Ravens of Long Tieng
In the remote highlands of Laos, U.S. Air Force pilots fought a secret war.
- By Ralph Wetterhahn
- Air & Space magazine, November 1998
University of Texas-Dallas History of Aviation Collection
(Page 4 of 6)
Lemon and his fellow Ravens also flew from other Lima Sites, especially LS-36, some 50 miles to the north of Long Tieng. Lemon flew frequently with Hmong Major U Va Lee. "His nickname was 'the Indian' because he looked more like a native of North America than an Asian," Lemon says. "He had one word of English, 'enemies,' and I only had a few words of French, Lao, and Hmong, but it was enough to get the job done."
Increasingly, the Ravens began to embrace the outrageous style they were becoming famous for, especially after a visiting Air Force general disgustedly branded them "Mexican banditos."
Wearing a decidedly unmilitary mustache, a Bowie knife on one leg, and a gold bar strapped to the other (to buy his way out of trouble), Fred Platt epitomized the type of pilot who signed up to be a Raven. He quickly gained a reputation among the Lao backseaters for his extraordinary daring. One of them, Vang Chieu, got his hand shot off flying with Platt. Another Platt backseater got his leg shattered by a round that came through the airplane's floorboard.
Platt would eventually crash 11 airplanes. He earned the nickname "Magnet Ass" for the amount of gunfire he attracted. When it came to accompanying Platt, "No fly, no die" became an unwritten motto among the Hmong. When the backseaters refused to go with him, Platt got approval to fly alone. But Platt liked company, so he began taking along a tame bear cub and at other times a pet anteater. "The anteater would just wrap himself around my arm as I flew," Platt says. "The bear sat wherever he wanted."
Some missions required human companions, however, and Platt sometimes had to search for a Hmong backseater to fly with. "They were just scared to death," former Raven Mike Cavanaugh remembers. "The backseaters hid behind the couch in their hooch when they saw Platt coming." Once Platt grabbed the couch and turned it over. "Two of them were hiding there," Platt says. "I hauled one of those guys out to go fly."
With a brand-new backseater, Platt found a cache of oil drums. Instead of waiting for fighters, he began shooting his marking rockets into them. Tracers streamed up from a 12.7-mm anti-aircraft gun. The airplane shuddered. Oil began to spew from the cowling. "Heavy fire, black smoke--shutting down the engine now," Platt radioed to Cricket. Platt flew toward a karst ridge, barely making it as an updraft lifted his O-1 at the last moment. In front of him was a wide valley with dikes and paddies. As he flared to land in a paddy, Platt noticed camouflage ahead, covering a sunken road that crossed his path. He tried to zoom over the depression but the airplane stalled, and its underbelly hit the far lip. Platt's harness snapped. He was hurled forward into a cockpit crossbar while his knees smashed into the instrument panel. The prop dug in, flipping the plane on its back. The two men hung upside down. When Platt came to, he unstrapped and fell onto a bed of broken plexiglass. Then he released the harness of his dazed backseater. The man fell on his head and began to moan.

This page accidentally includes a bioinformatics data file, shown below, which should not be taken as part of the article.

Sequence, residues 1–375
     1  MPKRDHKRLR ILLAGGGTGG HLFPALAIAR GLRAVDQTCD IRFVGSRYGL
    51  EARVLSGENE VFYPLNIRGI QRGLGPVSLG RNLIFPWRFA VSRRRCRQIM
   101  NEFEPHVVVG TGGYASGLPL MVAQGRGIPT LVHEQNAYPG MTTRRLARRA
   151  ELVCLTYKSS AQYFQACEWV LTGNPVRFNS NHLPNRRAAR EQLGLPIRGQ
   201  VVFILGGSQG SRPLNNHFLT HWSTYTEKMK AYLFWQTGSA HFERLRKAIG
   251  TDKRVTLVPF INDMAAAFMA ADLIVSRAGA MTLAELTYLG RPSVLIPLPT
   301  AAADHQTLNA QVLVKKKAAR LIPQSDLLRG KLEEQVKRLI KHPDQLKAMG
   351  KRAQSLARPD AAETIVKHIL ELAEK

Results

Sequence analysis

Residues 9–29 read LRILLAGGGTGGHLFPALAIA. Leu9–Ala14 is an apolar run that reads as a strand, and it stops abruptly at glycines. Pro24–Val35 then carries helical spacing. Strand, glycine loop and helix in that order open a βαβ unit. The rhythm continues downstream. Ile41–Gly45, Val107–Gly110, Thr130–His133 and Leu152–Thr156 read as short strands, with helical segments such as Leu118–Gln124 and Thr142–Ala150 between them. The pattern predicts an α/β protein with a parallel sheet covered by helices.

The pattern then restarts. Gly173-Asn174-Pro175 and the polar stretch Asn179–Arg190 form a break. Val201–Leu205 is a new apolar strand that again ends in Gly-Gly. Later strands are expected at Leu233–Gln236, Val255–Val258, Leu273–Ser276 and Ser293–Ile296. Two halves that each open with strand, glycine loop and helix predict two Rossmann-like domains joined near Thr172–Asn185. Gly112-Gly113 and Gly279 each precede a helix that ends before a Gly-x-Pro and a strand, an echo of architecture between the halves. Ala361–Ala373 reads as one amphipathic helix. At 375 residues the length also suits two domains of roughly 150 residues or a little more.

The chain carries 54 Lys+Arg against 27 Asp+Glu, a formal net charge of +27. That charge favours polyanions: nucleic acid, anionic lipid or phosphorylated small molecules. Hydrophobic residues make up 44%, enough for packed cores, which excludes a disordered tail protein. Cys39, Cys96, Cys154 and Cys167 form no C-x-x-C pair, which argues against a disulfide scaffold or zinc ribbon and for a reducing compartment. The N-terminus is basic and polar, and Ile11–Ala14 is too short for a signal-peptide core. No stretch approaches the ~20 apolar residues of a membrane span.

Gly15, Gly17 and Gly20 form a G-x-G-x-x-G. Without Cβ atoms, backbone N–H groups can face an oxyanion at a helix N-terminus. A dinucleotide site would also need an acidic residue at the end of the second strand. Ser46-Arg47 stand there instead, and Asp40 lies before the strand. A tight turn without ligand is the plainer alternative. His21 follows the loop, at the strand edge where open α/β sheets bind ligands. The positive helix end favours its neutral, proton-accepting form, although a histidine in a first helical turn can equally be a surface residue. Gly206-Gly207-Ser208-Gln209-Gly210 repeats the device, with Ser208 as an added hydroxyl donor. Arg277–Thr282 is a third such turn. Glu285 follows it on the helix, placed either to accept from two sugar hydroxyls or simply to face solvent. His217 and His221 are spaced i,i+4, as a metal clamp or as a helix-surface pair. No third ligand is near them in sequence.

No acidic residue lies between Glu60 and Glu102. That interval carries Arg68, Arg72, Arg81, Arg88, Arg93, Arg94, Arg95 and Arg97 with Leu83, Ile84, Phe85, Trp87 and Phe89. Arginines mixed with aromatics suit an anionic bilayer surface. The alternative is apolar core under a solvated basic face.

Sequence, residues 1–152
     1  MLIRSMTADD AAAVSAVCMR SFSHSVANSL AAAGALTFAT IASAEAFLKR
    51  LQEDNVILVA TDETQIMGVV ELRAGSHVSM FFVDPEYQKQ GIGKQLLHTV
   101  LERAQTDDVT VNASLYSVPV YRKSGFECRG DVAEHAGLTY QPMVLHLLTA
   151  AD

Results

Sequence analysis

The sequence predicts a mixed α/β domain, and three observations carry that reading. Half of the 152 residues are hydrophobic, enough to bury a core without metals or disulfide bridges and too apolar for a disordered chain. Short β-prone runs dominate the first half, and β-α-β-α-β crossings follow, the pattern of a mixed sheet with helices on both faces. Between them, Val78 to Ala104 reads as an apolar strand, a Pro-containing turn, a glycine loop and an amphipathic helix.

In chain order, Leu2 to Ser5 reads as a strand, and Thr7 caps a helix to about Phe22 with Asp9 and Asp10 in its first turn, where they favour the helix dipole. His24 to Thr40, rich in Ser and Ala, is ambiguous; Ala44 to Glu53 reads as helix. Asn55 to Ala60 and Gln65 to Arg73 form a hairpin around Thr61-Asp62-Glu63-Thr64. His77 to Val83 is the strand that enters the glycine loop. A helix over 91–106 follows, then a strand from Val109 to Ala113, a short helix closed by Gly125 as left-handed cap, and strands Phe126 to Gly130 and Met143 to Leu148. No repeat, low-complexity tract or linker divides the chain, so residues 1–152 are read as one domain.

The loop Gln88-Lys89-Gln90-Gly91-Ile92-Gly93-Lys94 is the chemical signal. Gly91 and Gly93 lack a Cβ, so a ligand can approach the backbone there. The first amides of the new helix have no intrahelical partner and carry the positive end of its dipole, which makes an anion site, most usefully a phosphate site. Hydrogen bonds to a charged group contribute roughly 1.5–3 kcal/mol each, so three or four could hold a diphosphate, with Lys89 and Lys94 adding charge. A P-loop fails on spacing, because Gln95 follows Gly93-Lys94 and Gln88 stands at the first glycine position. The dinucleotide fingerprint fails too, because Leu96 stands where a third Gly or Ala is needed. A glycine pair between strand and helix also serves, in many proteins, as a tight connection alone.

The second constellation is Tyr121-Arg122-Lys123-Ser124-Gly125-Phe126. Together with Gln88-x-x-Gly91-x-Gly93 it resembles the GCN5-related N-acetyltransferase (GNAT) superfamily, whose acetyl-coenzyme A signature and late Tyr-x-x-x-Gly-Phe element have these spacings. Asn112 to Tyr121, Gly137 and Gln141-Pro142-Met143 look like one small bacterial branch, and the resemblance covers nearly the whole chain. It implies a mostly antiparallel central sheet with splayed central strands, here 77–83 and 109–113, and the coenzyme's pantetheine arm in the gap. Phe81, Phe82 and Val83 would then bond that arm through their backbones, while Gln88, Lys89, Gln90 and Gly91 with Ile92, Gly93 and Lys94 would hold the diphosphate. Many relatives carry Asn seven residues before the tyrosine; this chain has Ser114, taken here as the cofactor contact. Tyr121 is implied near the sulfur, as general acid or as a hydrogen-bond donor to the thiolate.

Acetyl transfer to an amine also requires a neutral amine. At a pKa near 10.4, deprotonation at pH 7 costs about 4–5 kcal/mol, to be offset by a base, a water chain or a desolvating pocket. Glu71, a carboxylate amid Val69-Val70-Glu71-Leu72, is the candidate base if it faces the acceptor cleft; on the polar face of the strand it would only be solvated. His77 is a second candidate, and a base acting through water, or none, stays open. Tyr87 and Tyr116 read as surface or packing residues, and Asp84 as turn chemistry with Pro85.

Platt saw Pathet Lao troops coming over a hill, a half-mile away. When his backseater refused to move, Platt slung him over his shoulder and carried him, along with a machine gun, radio, map case, M-79 grenade launcher, and a bandolier of shells, as he dashed behind an earthen bank nearby.
While a full-scale search-and-rescue operation was being organized, Dave Anckleberg, the pilot of an Air America helicopter, heard what was going on and rushed to the scene. Platt had been on the ground for 30 minutes using his grenade launcher to keep the enemy at bay when he heard rotors. He saw Anckleberg's chopper settling down just behind his position. Platt dragged the backseater to the helo, giving him a boost into the cargo bay, then hopped aboard with some help from the crew chief.